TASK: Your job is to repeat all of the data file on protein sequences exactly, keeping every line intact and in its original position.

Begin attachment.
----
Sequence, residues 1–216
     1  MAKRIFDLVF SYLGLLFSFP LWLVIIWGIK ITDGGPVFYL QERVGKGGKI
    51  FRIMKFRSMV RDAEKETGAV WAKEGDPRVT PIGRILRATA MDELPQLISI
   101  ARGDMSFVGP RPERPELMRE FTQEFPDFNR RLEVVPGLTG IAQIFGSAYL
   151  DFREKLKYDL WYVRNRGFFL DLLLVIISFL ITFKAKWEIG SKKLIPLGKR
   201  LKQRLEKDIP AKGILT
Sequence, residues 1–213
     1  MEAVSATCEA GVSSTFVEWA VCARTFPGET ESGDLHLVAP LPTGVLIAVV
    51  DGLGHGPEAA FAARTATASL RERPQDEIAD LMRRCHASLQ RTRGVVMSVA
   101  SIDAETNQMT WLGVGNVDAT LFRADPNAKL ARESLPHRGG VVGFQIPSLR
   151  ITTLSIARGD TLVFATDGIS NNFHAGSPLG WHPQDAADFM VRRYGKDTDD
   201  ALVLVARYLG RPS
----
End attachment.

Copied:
Sequence, residues 1–216
     1  MAKRIFDLVF SYLGLLFSFP LWLVIIWGIK ITDGGPVFYL QERVGKGGKI
    51  FRIMKFRSMV RDAEKETGAV WAKEGDPRVT PIGRILRATA MDELPQLISI
   101  ARGDMSFVGP RPERPELMRE FTQEFPDFNR RLEVVPGLTG IAQIFGSAYL
   151  DFREKLKYDL WYVRNRGFFL DLLLVIISFL ITFKAKWEIG SKKLIPLGKR
   201  LKQRLEKDIP AKGILT
Sequence, residues 1–213
     1  MEAVSATCEA GVSSTFVEWA VCARTFPGET ESGDLHLVAP LPTGVLIAVV
    51  DGLGHGPEAA FAARTATASL RERPQDEIAD LMRRCHASLQ RTRGVVMSVA
   101  SIDAETNQMT WLGVGNVDAT LFRADPNAKL ARESLPHRGG VVGFQIPSLR
   151  ITTLSIARGD TLVFATDGIS NNFHAGSPLG WHPQDAADFM VRRYGKDTDD
   201  ALVLVARYLG RPS